A 29-year-old healthy Indian woman presented with a 6-week history of a tender, draining papule under the distal margin of her left great toenail. She reported recent travel to rural Kenya near Tanzania and wore open-toed sandals through the sandy terrain. On the distal margin of the left great toe she had a discrete, well-defined, 4mm, yellowish-white, moist, eroded papule with serous drainage. An excisional biopsy was obtained and the base cauterized. Histopathology revealed a nonspecific dermal infiltrate surrounding a thick eosinophilic protein layer with cavities containing impregnated flea parts. The patient was diagnosed with tungiasis and the site healed without complications.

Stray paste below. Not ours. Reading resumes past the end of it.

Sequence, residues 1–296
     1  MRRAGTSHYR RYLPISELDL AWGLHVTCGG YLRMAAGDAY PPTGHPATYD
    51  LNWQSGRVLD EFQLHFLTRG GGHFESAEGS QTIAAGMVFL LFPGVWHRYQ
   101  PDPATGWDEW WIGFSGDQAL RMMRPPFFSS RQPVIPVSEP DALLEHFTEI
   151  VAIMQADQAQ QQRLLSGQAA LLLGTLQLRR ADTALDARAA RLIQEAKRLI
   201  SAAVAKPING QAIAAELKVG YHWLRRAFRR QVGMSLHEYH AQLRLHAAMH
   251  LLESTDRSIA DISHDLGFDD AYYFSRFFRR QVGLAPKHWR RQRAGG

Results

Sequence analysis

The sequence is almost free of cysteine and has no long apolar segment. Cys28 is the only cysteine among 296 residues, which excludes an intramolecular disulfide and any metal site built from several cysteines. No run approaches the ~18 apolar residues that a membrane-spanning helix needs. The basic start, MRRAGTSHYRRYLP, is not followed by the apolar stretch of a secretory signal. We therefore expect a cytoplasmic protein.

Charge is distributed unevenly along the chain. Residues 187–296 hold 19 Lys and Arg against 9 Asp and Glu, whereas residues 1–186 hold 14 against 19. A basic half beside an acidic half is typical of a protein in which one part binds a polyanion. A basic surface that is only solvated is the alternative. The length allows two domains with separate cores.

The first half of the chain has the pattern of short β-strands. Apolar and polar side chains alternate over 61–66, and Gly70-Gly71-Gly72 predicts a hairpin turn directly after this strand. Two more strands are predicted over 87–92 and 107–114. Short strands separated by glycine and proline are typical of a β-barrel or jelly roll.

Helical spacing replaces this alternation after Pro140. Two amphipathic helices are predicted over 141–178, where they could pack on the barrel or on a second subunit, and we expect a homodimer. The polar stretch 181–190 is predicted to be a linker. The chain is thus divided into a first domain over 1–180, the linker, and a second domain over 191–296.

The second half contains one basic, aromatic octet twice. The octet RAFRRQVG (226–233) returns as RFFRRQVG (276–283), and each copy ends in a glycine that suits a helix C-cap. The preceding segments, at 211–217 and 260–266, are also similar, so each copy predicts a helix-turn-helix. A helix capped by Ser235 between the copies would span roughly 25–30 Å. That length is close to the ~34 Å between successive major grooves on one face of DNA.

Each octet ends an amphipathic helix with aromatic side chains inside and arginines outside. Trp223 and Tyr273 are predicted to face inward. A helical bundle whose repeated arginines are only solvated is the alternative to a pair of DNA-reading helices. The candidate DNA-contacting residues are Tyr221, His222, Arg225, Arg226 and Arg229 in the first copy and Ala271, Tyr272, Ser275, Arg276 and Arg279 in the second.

Tungiasis is a cutaneous ectoparasitic infestation by the fertilized female sand flea Tunga penetrans. Tungiasis is prevalent in tropical Africa and in Central and South America and lives in sandy soil. The female sand flea burrows into the dermis of the host resulting in a painful necrotic abscess. Complications include ulceration, secondary infection, tetanus, and gangrene. Treatment consists of sterile removal of the lesion, including cautery of the residual cavity. If untreated, tungiasis is frequently self-limited. For multiple lesions, thiabendazole is recommended. Prevention includes appropriate protective footwear. Dermatologists should be aware of this disease entity with the increase in international travel.